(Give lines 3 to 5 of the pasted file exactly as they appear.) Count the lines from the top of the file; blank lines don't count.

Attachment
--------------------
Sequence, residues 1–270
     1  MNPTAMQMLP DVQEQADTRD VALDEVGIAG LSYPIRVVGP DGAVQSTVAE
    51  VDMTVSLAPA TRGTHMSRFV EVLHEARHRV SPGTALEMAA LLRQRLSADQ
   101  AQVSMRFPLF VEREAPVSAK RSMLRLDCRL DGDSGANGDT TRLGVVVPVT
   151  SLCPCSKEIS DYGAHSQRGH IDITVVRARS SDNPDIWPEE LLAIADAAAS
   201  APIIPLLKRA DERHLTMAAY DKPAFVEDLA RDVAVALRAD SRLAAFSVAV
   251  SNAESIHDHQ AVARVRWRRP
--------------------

    51  VDMTVSLAPA TRGTHMSRFV EVLHEARHRV SPGTALEMAA LLRQRLSADQ
   101  AQVSMRFPLF VEREAPVSAK RSMLRLDCRL DGDSGANGDT TRLGVVVPVT
   151  SLCPCSKEIS DYGAHSQRGH IDITVVRARS SDNPDIWPEE LLAIADAAAS